The New Zealand Railways Magazine, Volume 9, Issue 12 (March 1, 1935)
The Gate of Yorkshire
When I learnt the other day that the home of our Governor-General elect, Lord Galway, is at Bawtry, Yorkshire, my memory harked back to a cycling tour of my youth. The objective was Whitby, on the North Riding Coast; the starting point was London. I had toiled up the Great North Road, through Grantham, Stamford, Newark, and other famous towns.
Eventually I reached the border of Nottinghamshire; and Yorkshire, nobly represented by the little hamlet of Bawtry, lay directly across my path, or rather, I should say, on either side of it. I remember Bawtry, then, as a cheerful, red-tiled village, with a population of about 1,000 souls, straddling the main road as it entered Yorkshire.
Bawtry, being so conveniently situated on the North Road, was once a favourite lurking place of highwaymen. Especially memorable was the story of the famous saddler of Bawtry, who, according to local legend, was hanged for leaving his beer. It appears that a north-going traveller, whose saddlebags were laden with gold, stopped at Bawtry and commissioned this man to make some repairs to his saddle. The job done, the traveller paid the saddler and “shouted him” a tankard of beer, then continued his journey. In a wood just outside the town he was bailed up by a masked man and robbed of his gold. The traveller thereupon returned to Bawtry, and, happening to call in at the house of the saddler, found the tankard of beer he had bought him standing there untouched. This was sufficient evidence to set the authorities upon the trail of the culprit, and in due course the unnatural saddler was caught and hanged.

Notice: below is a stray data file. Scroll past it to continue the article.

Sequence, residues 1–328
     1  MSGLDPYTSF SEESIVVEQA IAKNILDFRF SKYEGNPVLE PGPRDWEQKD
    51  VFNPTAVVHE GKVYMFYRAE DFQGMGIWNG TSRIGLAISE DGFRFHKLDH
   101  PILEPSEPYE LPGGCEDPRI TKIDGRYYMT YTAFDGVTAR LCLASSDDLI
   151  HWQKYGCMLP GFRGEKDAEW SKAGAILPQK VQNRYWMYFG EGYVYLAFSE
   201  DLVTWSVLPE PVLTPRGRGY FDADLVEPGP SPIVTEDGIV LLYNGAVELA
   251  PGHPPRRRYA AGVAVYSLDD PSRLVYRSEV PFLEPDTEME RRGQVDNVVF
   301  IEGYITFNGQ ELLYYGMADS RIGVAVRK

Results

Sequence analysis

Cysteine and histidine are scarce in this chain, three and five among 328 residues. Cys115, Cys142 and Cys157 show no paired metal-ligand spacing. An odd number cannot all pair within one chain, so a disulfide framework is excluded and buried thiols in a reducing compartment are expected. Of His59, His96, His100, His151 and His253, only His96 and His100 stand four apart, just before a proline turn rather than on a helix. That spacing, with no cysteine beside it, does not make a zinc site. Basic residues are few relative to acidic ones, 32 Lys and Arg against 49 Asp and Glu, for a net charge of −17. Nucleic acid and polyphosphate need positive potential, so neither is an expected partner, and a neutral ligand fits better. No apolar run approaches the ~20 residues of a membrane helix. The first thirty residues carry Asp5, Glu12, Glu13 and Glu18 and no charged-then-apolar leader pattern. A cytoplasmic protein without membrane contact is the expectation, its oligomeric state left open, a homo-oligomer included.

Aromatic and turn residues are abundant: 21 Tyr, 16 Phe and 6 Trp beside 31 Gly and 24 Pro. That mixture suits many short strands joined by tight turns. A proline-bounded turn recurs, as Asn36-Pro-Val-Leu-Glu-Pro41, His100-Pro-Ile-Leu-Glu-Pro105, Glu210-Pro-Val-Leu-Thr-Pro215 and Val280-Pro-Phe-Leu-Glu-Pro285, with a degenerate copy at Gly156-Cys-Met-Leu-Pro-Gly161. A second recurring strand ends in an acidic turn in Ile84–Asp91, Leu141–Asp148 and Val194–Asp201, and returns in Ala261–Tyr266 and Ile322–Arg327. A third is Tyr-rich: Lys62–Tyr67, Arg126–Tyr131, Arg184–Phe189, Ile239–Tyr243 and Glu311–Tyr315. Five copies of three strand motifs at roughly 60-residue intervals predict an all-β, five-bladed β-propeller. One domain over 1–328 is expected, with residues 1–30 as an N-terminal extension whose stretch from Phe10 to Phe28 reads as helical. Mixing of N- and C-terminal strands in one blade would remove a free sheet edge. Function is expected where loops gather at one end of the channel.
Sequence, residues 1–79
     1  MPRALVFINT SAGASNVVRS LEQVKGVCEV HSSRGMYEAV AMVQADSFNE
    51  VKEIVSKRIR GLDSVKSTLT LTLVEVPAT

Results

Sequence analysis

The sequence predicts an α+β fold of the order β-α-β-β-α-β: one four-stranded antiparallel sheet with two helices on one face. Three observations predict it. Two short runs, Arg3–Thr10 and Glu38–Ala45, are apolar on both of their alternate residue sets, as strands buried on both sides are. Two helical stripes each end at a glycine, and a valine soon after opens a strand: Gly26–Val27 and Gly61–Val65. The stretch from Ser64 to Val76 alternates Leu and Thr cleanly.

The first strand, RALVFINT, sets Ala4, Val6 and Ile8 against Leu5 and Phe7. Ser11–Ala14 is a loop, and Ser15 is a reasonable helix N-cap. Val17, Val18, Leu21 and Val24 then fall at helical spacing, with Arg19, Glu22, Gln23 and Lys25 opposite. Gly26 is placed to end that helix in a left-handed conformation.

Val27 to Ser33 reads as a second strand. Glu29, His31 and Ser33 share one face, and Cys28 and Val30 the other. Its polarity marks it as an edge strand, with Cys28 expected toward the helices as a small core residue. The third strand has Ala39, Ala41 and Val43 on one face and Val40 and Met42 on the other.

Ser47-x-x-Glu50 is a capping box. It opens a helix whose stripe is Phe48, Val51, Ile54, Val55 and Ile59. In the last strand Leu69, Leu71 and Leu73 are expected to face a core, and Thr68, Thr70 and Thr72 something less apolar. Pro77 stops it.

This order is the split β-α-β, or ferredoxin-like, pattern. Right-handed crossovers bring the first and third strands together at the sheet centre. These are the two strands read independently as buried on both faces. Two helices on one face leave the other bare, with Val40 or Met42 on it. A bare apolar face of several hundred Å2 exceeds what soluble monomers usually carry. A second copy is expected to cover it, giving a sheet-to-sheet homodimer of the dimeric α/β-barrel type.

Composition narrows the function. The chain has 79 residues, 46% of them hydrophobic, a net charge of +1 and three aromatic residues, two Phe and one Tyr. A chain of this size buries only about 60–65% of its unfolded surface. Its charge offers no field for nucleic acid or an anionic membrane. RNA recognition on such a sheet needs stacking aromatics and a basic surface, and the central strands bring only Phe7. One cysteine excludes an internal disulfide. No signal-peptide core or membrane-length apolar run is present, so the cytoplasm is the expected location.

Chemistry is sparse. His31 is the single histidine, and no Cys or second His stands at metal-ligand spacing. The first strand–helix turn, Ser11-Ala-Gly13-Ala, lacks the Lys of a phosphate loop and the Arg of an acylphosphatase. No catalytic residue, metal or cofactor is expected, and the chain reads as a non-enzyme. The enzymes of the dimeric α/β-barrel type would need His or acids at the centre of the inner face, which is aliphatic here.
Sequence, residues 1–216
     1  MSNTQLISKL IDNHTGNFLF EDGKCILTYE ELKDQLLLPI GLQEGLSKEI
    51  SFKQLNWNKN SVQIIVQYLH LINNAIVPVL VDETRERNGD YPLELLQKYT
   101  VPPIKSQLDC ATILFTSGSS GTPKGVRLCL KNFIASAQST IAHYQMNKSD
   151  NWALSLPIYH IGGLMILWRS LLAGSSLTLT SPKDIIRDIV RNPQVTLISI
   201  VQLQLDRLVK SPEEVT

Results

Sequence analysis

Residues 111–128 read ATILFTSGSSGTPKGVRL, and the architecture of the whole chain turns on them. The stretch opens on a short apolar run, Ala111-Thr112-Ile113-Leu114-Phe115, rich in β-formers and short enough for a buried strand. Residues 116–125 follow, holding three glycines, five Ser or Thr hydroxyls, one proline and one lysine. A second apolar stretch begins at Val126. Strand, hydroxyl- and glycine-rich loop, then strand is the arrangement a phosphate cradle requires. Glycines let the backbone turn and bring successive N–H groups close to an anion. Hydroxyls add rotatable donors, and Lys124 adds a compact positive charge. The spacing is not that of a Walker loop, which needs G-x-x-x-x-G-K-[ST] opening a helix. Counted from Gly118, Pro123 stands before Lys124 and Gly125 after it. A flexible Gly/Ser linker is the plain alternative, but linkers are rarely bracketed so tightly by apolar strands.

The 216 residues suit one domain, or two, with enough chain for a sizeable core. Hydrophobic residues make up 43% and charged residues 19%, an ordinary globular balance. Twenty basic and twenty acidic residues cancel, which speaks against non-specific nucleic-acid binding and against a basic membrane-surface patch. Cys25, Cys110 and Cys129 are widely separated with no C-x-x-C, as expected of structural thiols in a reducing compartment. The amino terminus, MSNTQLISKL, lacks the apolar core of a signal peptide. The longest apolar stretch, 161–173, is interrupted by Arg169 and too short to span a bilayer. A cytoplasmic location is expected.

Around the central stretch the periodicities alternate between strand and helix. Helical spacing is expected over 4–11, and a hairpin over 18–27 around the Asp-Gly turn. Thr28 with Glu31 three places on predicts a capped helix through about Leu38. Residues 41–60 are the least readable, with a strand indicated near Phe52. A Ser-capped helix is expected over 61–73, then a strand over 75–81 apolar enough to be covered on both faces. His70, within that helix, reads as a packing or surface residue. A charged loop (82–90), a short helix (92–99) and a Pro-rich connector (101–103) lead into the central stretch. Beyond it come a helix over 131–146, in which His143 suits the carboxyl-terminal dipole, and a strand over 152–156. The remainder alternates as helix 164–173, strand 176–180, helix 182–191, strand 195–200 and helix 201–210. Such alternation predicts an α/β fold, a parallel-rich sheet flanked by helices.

Being only on the edge of Yorkshire, Bawtry and its surroundings were scarcely the Yorkshire I had expected to find. Lush meadows, cool woods, hawthorn hedges and, in the distance, green hills were the chief items in the landscape. Our Governor-General elect, though a countryman with a home in real country, will have many new scenic experiences during his stay in the Dominion.page 12